HC Deb 27 July 1885 vol 300 cc177-9

(21.) Motion made, and Question proposed, That a sum, not exceeding £18,142, be granted to Her Majesty, to complete the sum necessary to defray the Charge which will come in course of payment during the year ending on the 31st day of March 1886, for the Salaries and Incidental Expenses of Temporary Commissions and Committees, including Special Inquiries.


said, the Committee had reason to complain that the cost of Temporary Commissions was never placed on the Estimates at an early period in the operations of these Bodies. It was not long ago that the House had had to provide £35,000 as the cost of the Royal Commission on Agriculture. He would now appeal very strongly to the hon. Baronet the Secretary to the Treasury—now that they had a Government in power which seemed likely to institute those Commissions in all parts of the country—to have an estimate as to the cost of a Commission placed before the House when such Commission was appointed. In the case of the Commission on Agriculture, the House had been committed to an expenditure of nearly £40,000, without being able to give any opinion upon the subject. It certainly seemed to him desirable that the House should not be led into heavy expenditure unawares.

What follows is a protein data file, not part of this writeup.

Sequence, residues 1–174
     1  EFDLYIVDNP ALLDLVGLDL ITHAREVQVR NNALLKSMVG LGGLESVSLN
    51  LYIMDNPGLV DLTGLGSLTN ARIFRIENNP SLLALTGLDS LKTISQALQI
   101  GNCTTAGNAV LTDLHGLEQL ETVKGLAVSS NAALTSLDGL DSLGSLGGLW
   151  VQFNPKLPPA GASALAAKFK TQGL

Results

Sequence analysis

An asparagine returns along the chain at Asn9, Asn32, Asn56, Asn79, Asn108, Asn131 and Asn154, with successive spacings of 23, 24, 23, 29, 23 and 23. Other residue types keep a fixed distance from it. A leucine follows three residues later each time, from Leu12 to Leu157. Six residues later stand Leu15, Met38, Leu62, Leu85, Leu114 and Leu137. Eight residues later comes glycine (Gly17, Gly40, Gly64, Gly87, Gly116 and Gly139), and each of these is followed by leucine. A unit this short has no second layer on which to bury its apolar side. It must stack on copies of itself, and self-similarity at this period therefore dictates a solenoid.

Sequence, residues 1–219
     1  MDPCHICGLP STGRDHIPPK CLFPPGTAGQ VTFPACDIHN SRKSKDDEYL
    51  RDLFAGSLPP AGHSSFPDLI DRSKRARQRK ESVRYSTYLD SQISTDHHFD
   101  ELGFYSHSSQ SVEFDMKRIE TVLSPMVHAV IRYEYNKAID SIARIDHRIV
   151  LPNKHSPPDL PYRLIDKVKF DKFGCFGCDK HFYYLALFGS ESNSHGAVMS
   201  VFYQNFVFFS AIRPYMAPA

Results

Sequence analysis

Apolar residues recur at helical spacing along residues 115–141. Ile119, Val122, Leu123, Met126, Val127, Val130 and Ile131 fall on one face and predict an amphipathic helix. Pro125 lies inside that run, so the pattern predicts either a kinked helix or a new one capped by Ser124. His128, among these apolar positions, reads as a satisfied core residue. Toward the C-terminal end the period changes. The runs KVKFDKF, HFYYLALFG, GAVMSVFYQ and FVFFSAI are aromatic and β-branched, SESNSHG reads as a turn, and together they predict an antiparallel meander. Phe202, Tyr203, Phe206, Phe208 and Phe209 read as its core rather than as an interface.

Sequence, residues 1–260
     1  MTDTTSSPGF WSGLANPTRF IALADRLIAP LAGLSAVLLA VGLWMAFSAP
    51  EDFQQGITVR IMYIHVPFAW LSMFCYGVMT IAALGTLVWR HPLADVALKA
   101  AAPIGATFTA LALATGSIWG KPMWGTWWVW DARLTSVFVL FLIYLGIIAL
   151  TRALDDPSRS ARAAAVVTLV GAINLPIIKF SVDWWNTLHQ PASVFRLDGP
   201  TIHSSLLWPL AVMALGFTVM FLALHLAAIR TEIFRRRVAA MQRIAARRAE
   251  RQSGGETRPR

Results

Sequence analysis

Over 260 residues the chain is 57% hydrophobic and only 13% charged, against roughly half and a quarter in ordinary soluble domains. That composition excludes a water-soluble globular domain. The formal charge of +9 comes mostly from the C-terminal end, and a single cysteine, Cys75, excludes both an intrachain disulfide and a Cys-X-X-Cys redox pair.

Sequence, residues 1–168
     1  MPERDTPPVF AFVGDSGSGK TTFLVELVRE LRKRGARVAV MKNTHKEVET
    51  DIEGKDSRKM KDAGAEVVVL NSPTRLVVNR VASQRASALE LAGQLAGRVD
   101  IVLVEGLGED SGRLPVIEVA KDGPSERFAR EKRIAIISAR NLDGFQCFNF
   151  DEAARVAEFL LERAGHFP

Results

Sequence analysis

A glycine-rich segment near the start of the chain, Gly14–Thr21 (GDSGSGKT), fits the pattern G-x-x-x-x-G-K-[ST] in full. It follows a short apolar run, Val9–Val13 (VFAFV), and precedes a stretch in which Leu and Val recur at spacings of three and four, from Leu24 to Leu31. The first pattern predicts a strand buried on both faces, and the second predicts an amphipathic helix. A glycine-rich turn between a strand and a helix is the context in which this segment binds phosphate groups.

said, an hon. Friend of his, who was not now present, the hon. Gentleman the Member for North Lincolnshire (Mr. Atkinson), had on the Paper an Amendment to this Vote. In the hon. Member's absence, he (Mr. Whitley) would call attention to the question which would have been raised by that Amendment. It had reference to the Royal Commission on Shipping. Now, those who represented the shipping interest in the House felt that to publish the evidence in part was a very great hardship on the shipowners generally. So far as he knew, the Royal Commission had received the evidence of the Board of Trade, and the Board of Trade only; and though he was afraid the House had no power over the Royal Commissioners, yet he did feel that it was a great hardship that the evidence taken up to the present time should be published, and probably used for electioneering purposes during the Recess. They felt that it was very unjust that this evidence should be published in part before the whole of it was taken by the Royal Commission. Under the circumstances, his hon. Friend had placed on the Paper a Motion to reduce the sum by what they considered would be the cost of the publication. It certainly seemed to him (Mr. Whitley) most unjust that in the present state of this question only one side of the evidence should be published over the length and breadth of the country. The shipowners ought to have had an equal opportunity of making their views known. He was told there had been great difference of opinion amongst the Commissioners on the subject of publishing this evidence, and that the shipowners had voted against it; but he did maintain that to place one side of the evidence before the country, before the other side had been adduced, was most unfair to those interests which had been attacked. He begged to propose the Amendment which his hon. Friend would have moved had he been present.